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D'Arcy wooed by RTE before being crowned king of airwaves


Ray D'Arcy and Ryan Tubridy. Photo: Collins

Ray D'Arcy and Ryan Tubridy. Photo: Collins

Ray D'Arcy and Ryan Tubridy. Photo: Collins

He is RTE's biggest competition in the battle for audience share. And this week it was a case of 'the one that got away' as Ray D'Arcy unseated RTE's golden boy Ryan Tubridy as the king of the mid-morning airwaves.

Following the latest Joint National Listenership (JNLR) figures, Today FM has revealed how RTE bosses tried to poach their biggest presenter to work for them.

Before Ryan Tubridy was even considered to fill the gaping hole left by Gerry Ryan's tragic death, Ray d'Arcy was the man who's door RTE knocked upon.

In a desperate bid to woo the 45-year-old, RTE Radio bosses Clare Duignan and John McMahon called to the Today FM presenter's home to launch a charm offensive and bring him back to the State broadcaster. They advised him "You've had your fun in independent radio -- now it's time to come back to the mothership".

But it backfired spectacularly when Today FM owner Denis O'Brien and station boss Willie O' Reilly met the star in the days following the approach. Last week, as D'Arcy celebrated his success in the ratings war, Mr O'Reilly explained: "Ray doesn't want to go to RTE. He had the opportunity and he didn't go. He turned them down after Gerry passed away.

"There was never any money discussed when we met Ray afterwards. We just laid out our commitment over the next 10 years and he was happy to stay.

"It's a simpler organisation here with direct access to management. And Ray feels empowered by what he does at the station."

Speaking about the latest figures, Mr O'Reilly explained: "Ray is very much in touch with the public, he is passionate about what's happening to the country, he is comfortable with his fame and yet he still manages to maintain his man-next-door image. He's doing a brilliant job. The figures speak for themselves." He added: "This is Ryan's debut so the latest report will give an indication but it is a marathon, not a sprint. He'll have new figures out every three months now -- it will be relentless."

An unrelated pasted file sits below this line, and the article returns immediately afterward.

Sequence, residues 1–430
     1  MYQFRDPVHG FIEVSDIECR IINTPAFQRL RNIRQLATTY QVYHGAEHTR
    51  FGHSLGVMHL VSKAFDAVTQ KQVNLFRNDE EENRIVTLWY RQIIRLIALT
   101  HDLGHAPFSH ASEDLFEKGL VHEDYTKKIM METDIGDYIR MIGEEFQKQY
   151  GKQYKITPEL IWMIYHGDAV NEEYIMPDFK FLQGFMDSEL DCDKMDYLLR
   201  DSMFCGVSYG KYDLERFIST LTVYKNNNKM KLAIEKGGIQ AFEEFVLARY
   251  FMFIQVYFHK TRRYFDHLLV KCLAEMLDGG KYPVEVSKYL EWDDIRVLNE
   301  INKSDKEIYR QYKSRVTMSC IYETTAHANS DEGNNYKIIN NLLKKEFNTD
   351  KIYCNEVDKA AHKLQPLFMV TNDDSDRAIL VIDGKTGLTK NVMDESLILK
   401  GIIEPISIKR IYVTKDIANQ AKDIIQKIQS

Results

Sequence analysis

Meanwhile, radio insiders have revealed how Tubridy has a long way to go until RTE bosses are fully satisfied with his big move to younger station 2fm.

"Moving station is always a very difficult thing. They can't presume audiences will travel with a presenter; they're loyal to the station as well as the presenter. It will be some comfort that Ryan has over 200,000 listeners but he still has a mountain to climb," said one source. "Gerry was an outstanding talent, he was a 19-year-old boy trapped in the body of a 50-year-old man. He loved upsetting the establishment. Ryan is different. He has a different set of skills on the positive side but he also doesn't have that same sense of fun. He is an old fogey at heart.

"Still there's no going back now. To go back again would seem careless," said the source. "RTE is in it for the long haul. They'll look at the show, get focus groups in and research and analyse their strengths and weaknesses. I'll put it this way -- don't be surprised if you see Ryan in the papers in a t-shirt and jeans in the coming weeks."

Tubridy has 216,000 listeners on his two-hour programme on 2fm but D'Arcy has 3,000 more. RTE chiefs claimed D'Arcy's figures, released in the latest JNLR survey, are bigger because the Today FM show is an hour longer. But the figures also reveal that the 296,000 2fm listeners who regularly tuned in to its flagship Gerry Ryan show prior to the broadcaster's death last year have not embraced his much-touted replacement with the same degree of loyalty.

The show had already lost 24,000 listeners in the October 2009-September 2010 survey, which took into account some of the transition period after Ryan's death from a cocaine-induced heart attack on April 30 last.

Tubridy has promised to improve his show. "You can read about the figures in every paper today and I can pretty much assure you that every paper has a different tale to tell," he told his listeners. Then he asked his crew members: "How old are we Alice? How old are we? Are we six months? Five-and- a-half months old? So what I would say is just give us a chance -- we'll get there in the end."